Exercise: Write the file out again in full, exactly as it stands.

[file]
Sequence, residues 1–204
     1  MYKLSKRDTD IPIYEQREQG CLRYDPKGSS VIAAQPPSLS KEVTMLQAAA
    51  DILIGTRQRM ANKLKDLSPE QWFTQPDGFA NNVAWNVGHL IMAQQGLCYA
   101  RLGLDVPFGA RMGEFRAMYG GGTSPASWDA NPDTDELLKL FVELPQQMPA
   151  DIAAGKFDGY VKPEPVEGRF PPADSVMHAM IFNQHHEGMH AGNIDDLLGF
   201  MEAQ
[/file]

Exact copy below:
Sequence, residues 1–204
     1  MYKLSKRDTD IPIYEQREQG CLRYDPKGSS VIAAQPPSLS KEVTMLQAAA
    51  DILIGTRQRM ANKLKDLSPE QWFTQPDGFA NNVAWNVGHL IMAQQGLCYA
   101  RLGLDVPFGA RMGEFRAMYG GGTSPASWDA NPDTDELLKL FVELPQQMPA
   151  DIAAGKFDGY VKPEPVEGRF PPADSVMHAM IFNQHHEGMH AGNIDDLLGF
   201  MEAQ